Ultimate memory tricks to boost your foreign language vocabulary – part 2

In the last post about boosting your language memory I discussed the simplest memory trick you can use to help master new vocabulary, word associations. Word associations, just like all memory tricks, serve to provide a mental hook, something that embeds a word or concept into our short term memory so that through repetition it will work its way into our long term memory.

The next trick, again one some people will have used before, is an extension on simple associations known as mnemonics. As usual, a handy definition of a mnemonic comes from Wikipedia which defines it as :

“…a mind memory and/or learning aid. Commonly, mnemonics are verbal—such as a very short poem or a special word used to help a person remember something—but may be visual, kinesthetic or auditory. Mnemonics rely on associations between easy-to-remember constructs which can be related back to the data that is to be remembered. This is based on the principle that the human mind much more easily remembers spatial, personal, surprising, sexual or humorous or otherwise meaningful information than arbitrary sequences.”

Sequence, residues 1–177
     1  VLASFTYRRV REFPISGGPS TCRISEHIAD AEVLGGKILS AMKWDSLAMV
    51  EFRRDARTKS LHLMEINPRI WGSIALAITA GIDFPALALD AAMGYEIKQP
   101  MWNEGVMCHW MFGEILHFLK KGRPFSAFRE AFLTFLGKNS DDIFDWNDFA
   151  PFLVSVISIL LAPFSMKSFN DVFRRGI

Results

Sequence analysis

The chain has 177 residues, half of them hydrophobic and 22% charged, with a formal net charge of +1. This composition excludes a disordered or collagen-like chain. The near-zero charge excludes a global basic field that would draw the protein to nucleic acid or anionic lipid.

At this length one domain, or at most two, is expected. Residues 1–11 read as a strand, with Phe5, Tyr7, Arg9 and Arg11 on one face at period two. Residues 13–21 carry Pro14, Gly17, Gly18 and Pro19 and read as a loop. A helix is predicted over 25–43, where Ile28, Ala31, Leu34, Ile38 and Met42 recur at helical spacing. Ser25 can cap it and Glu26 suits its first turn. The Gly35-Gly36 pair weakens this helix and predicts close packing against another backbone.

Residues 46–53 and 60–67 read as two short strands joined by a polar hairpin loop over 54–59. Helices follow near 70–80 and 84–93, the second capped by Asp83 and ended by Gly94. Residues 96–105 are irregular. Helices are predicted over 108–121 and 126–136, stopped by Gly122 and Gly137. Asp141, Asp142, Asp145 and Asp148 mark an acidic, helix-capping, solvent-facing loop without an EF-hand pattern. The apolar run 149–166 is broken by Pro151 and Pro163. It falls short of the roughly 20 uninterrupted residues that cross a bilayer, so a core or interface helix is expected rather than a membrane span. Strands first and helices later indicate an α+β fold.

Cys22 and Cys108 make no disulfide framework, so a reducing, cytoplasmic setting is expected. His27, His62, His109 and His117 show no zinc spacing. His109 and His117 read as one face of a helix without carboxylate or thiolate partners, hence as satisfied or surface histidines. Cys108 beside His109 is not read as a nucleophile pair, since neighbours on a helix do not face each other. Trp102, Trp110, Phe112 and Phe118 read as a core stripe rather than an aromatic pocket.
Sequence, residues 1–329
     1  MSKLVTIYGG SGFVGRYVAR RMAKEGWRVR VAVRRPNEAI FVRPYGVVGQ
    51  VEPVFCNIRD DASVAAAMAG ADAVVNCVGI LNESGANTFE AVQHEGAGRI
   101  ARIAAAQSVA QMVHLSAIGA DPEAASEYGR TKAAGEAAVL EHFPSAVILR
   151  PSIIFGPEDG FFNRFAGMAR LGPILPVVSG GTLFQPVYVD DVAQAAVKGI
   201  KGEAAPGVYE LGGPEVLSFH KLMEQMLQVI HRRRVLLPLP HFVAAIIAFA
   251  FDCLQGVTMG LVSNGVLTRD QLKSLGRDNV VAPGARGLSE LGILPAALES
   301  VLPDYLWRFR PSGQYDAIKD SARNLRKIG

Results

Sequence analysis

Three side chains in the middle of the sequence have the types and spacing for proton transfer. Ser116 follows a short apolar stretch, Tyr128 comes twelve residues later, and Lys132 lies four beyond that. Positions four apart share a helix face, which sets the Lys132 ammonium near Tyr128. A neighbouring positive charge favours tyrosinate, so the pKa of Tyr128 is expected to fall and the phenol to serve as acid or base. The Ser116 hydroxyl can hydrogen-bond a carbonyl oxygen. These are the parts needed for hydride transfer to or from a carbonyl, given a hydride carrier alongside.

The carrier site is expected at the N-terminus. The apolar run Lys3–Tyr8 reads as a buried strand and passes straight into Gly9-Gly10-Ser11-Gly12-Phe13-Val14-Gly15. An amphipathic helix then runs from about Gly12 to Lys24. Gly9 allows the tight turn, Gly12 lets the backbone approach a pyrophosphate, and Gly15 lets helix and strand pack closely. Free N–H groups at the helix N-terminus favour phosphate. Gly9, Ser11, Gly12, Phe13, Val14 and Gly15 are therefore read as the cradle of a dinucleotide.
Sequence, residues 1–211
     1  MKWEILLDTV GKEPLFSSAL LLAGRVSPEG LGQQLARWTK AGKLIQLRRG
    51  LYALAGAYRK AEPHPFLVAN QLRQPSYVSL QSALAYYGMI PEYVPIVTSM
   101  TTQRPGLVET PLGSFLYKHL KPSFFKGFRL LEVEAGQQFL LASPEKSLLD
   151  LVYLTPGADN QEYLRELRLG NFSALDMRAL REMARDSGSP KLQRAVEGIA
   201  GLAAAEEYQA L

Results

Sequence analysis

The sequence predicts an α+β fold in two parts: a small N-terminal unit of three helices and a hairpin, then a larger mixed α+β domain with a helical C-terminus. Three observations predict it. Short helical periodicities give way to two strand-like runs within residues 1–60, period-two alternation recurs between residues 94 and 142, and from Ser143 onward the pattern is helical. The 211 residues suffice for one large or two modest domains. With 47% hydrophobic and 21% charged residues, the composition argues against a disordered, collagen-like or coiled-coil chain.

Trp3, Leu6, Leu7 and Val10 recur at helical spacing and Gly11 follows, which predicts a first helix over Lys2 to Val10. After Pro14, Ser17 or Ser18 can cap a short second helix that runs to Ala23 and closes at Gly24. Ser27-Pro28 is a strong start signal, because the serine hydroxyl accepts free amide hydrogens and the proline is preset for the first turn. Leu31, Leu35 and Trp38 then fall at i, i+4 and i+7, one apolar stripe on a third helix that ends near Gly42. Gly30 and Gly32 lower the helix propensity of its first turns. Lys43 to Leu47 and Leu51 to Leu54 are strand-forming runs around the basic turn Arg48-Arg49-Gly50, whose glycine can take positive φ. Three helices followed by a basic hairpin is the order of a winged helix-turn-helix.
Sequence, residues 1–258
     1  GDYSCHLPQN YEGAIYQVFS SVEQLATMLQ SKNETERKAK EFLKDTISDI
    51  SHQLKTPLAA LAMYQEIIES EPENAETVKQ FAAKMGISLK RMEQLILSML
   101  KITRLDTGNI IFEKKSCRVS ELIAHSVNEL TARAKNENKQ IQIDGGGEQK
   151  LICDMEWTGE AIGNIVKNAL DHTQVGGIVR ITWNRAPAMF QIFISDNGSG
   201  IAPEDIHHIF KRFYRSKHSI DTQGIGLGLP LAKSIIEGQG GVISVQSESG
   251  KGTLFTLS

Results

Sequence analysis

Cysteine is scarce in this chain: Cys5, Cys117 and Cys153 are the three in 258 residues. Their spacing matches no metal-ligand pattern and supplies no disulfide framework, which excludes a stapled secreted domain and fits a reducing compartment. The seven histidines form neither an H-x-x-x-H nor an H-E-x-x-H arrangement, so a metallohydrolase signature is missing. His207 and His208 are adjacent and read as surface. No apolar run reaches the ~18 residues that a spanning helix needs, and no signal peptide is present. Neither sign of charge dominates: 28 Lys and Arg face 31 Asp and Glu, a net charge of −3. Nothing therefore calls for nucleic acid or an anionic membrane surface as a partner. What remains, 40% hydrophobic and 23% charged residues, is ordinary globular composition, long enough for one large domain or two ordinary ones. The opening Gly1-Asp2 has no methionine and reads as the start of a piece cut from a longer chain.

I said it was a handy definition not a simple one! The key bits to keep in mind as far as I’m concerned are the last three words “than arbitrary sequences”. These go to the heart of the problem we often face when looking at new vocabulary. In a nutshell the problem is that without lots of background exposure (as a young child may get being around people speaking), a solid knowledge of the language’s patterns or some other specific reason why a word may stick in your mind, when we first look at a foreign word, as far as our brain is concerned, it often represents little more than an arbitrary sequence of letters. Unless we can establish a mental pattern in that sequence and relate it to something with personal meaning, it may as well be scribble on a piece of paper.

Mnemonics can help us establish this pattern and they do this by transforming the word into something you can visualise. With this definition you can see the example I used in the last post is actually a simple mnemonic rather than merely a word association. The word in Arabic for “tourism” is “seeaha”, not really much to hang my hook on there, but by breaking it down into a series of smaller patterns it instantly becomes more memorable.